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Yale’s Collaborators

Overseas expansion is among the current fads in higher education. Despite the failure of Middle East branches of Michigan State and George Mason, other universities have pushed away with ambitious and hugely expensive international initiatives. Yale is the most prominent of these. Next year, it will open a new liberal arts college in partnership with the National University of Singapore.

Yale-NUS, which will issue its own degrees, has been criticized by Yale’s faculty since its inception. In a resolution passed in April, they pointed out, reasonably enough, that Singapore is mildly repressive state whose restrictions on expression and homosexuality are a bad fit with official and unofficial values of the American academy. The Yale administration, led by President Richard Levin, rejects this criticism. Levin and his surrogates claim: 1) that the Singapore government has provided assurances that Yale-NUS faculty and students will have freedoms that ordinary Singaporeans don’t, at least while they’re on campus; and 2) that Yale’s participation in the college will have a liberalizing influence on Singapore.

Unsurprisingly, it turns out that the government will have more influence on what happens in Singapore than the empire builders of New Haven. Earlier this week, the Wall Street Journal reported that Yale-NUS will ban demonstrations and partisan political societies.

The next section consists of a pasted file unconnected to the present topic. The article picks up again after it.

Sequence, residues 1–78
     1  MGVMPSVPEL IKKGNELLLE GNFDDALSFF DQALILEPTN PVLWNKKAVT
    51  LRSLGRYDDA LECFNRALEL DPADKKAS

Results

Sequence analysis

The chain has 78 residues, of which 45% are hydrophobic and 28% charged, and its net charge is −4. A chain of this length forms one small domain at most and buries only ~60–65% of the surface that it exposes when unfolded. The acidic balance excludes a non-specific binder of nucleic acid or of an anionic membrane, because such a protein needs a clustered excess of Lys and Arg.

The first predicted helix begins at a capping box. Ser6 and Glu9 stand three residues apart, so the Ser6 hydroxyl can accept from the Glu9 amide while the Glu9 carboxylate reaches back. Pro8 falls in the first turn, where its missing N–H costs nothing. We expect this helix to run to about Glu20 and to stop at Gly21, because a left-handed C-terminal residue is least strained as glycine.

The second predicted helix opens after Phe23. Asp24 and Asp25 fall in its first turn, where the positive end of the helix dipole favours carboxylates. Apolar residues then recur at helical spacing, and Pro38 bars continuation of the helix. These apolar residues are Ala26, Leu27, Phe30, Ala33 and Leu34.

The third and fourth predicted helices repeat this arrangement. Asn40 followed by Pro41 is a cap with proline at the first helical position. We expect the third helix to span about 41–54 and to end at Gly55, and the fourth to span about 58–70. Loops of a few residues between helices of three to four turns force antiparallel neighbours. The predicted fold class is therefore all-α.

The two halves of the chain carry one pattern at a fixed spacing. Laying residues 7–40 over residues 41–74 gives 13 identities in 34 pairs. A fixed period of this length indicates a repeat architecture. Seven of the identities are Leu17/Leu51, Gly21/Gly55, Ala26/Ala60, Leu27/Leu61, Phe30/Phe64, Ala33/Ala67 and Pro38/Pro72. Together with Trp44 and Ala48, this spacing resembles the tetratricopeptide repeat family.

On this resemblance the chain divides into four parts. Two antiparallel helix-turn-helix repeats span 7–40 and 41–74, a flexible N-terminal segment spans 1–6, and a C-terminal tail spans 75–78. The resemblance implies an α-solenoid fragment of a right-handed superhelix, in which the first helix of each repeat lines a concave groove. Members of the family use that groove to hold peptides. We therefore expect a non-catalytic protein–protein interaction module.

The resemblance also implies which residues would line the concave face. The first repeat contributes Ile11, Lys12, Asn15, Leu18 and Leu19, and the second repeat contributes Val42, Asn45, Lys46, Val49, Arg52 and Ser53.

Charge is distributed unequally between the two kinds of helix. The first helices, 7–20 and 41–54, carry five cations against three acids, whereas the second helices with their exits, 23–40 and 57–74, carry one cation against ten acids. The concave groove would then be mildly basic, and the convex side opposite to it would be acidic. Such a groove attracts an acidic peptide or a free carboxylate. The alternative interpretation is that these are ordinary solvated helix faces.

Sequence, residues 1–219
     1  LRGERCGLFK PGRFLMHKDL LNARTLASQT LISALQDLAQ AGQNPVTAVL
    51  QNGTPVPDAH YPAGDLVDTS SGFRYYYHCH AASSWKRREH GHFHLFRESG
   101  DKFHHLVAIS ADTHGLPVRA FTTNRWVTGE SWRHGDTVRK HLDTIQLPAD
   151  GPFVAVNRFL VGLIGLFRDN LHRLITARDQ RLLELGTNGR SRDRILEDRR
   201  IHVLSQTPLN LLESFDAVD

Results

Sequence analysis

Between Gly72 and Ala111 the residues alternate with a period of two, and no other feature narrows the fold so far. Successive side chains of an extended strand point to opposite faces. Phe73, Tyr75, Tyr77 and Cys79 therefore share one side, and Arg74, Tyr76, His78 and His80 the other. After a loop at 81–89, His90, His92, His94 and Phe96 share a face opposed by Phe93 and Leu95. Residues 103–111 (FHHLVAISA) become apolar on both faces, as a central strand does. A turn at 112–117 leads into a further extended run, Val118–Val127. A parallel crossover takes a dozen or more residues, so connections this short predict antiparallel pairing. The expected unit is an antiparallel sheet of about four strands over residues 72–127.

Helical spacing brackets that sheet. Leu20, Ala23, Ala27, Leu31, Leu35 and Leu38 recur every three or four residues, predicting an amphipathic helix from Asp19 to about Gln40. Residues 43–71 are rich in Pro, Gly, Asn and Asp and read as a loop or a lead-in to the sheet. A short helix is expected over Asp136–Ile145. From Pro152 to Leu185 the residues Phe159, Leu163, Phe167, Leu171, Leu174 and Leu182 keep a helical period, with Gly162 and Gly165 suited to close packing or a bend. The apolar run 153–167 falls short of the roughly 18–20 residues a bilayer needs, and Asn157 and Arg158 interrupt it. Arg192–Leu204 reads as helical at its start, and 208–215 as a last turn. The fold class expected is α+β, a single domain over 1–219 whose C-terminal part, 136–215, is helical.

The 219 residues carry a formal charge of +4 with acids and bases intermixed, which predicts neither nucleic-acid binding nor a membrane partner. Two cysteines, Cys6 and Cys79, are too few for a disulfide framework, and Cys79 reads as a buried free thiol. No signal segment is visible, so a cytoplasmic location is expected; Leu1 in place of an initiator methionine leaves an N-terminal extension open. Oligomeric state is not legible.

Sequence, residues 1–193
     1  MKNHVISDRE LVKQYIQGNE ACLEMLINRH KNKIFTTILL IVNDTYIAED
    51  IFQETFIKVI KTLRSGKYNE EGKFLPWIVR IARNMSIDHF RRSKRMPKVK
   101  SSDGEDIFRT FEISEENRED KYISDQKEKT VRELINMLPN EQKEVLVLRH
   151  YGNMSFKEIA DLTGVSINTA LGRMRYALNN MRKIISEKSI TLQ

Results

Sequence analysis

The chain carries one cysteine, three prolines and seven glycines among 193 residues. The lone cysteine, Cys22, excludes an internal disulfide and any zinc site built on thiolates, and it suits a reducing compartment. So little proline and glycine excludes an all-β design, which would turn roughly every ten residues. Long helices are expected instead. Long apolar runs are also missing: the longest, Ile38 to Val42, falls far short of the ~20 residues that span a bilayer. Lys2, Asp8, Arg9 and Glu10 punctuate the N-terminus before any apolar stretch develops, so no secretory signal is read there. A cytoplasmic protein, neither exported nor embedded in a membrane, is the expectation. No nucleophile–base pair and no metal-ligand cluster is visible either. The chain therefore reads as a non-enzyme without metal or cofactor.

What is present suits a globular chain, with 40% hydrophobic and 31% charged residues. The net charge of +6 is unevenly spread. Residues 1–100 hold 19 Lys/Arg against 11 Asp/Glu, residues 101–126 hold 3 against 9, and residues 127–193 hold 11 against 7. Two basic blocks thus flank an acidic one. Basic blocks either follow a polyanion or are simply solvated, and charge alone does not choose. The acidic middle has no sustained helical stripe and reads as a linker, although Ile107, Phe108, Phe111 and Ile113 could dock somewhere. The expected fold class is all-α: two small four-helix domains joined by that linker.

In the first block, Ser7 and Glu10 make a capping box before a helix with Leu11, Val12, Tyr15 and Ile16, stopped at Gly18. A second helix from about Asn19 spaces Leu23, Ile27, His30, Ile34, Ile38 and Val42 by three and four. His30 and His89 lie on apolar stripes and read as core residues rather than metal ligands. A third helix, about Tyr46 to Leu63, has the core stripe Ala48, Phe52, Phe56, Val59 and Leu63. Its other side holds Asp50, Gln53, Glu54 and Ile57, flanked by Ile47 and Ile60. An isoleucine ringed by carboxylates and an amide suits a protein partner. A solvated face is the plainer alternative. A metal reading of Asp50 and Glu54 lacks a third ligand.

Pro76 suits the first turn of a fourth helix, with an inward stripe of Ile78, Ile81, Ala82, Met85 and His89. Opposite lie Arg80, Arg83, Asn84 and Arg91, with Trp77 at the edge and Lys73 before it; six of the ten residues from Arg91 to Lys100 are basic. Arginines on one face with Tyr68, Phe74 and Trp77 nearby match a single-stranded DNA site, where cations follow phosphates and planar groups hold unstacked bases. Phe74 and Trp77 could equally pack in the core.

There’s nothing outrageous about the ban in itself. The government of Singapore is bearing the full cost of the college and is understandably reluctant to establish an academic Hamsterdam. What is outrageous is the response of the administration, which is partly drawn from the Yale faculty. Here’s what Yale-NUS president Pericles Lewis, formerly a professor of English and Comparative Literature in New Haven, has to say: students and professors “are going to be totally free to express their views”. They just won’t be allowed to hold meetings or form organizations to discuss and promote them.

Lewis’s statement is worthy of what Yale-NUS Dean of Faculty Charles D. Bailyn has proudly described as “our collaborators.” In cutting a deal with Singapore, Yale’s leadership has shown its indifference to the authentically liberal and, I venture to say, American principle that the freedom of expression is meaningless without the freedom to associate and demonstrate in ways consistent with public safety. This principle may indeed be out of place in Singapore, as minister of education Heng Swee Keat has contended. In that case, Yale shouldn’t set up shop there.

(Image: Screenshot from the Yale-NUS College website.)


about the author

Samuel Goldman is an assistant professor of political science and director of the Loeb Institute for Religious Freedom at George Washington University. He earned a Ph.D. in political science from Harvard, where he has also taught writing. In addition to The American Conservative, Goldman’s work has appeared in The New Criterion, The Wall Street Journal, and Maximumrocknroll. Follow him on Twitter.

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